Although witchcraft and sorcery are found among the Turkana, it is important to note that the Turkana do not dwell on the magical or religious aspects of life. The corpse of a woman who has raised many children and that of a man who has been successful will be buried; others are left in the bush. Some people feel that after death a person will join Akuj, and others say that they do not know what happens after death.

For additional information about the Turkana people and their culture, please visit


How do you know if you should participate in STORM Mission Trip?

  • Listen to God through Prayer & His Word: Prayer is foundational in discerning participation in STORM. “If we ask anything according to God’s will He hears us, and answers us” (1 John 5:14-15). We pray because we acknowledge that, “…apart from (Christ) (we) can do nothing” (Jn. 15:5). We discern God’s will through His inspired Word. King David prayed…“Show me your ways, Lord, teach me your paths. Guide me in your truth and teach me, for you are God my Savior, and my hope is in you all day long” (Ps. 25:4-5). Spend time in prayer as early as now to seek God’s will for you regarding your participation in missions. Allow Him to place within you a desire for missions if it’s lacking.
  • Listen to the Prompting in your Heart: The Holy Spirit will prompt you (sometimes through God’s people) to consider how God could use your gifts and skills to make a lasting impact through service among a disadvantaged people-group of another culture. Read Eph. 5:15-17. Ask God to give you His heart for those who have never heard the Good News. Allow Him room to speak to your heart so can see (feel) the need to stir and use the spiritual fervor and zeal within you to serve Him. Place Gospel priority above all else.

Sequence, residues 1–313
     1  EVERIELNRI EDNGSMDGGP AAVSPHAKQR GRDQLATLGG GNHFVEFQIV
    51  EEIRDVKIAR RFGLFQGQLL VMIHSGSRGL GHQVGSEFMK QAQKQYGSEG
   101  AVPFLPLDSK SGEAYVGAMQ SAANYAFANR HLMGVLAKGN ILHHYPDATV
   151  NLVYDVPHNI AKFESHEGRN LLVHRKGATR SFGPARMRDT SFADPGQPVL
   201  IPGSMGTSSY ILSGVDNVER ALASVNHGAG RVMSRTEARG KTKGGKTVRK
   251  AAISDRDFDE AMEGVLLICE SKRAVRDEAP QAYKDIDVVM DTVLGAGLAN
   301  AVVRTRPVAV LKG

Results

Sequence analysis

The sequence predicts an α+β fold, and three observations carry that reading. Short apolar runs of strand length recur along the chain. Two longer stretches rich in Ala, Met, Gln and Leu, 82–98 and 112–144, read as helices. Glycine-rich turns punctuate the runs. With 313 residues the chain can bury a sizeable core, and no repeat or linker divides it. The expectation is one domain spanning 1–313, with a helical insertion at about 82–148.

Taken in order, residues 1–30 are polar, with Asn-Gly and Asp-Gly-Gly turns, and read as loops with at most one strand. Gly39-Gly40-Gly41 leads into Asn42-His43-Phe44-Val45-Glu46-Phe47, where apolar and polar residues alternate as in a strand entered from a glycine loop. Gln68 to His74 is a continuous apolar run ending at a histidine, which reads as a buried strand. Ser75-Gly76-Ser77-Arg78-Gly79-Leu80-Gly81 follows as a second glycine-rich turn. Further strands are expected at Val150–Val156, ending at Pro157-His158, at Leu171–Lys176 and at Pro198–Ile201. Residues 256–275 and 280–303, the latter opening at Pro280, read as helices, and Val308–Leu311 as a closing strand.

• Be Willing to Look for Opportunity: Even though there might be evidence of doors that are “closed”, open doors for Missions elsewhere around the globe are plentiful (Acts 16:6-10; 20:22, 24). Look for open doors and be willing to go. STORM presents an opportunity for an open door now. Be careful not to turn your back too quickly on what seems to be an open door because it doesn’t fit exactly what you have in mind. The Lord still calls His people to go and make disciples of all nations. Be willing to answer the call.
  • Listen to the Counsel of Godly People: Share with, and listen to the counsel and wisdom (Prov. 15:22) of godly Christian leaders and your godly significant-others that God may give insight about your desire to be involved in STORM.
  • Attend Scheduled Informational Meetings: Initial and subsequent meetings leading up to the trip are critical for all individuals who might have the slightest interest in going on the STORM trip. Attendance is a MUST. The meetings provide the opportunity for participants to discuss important trip details, training, and for planning together for what the team hopes to accomplish on the trip. The meetings also facilitate the decision-making process, whether to make or break the trip.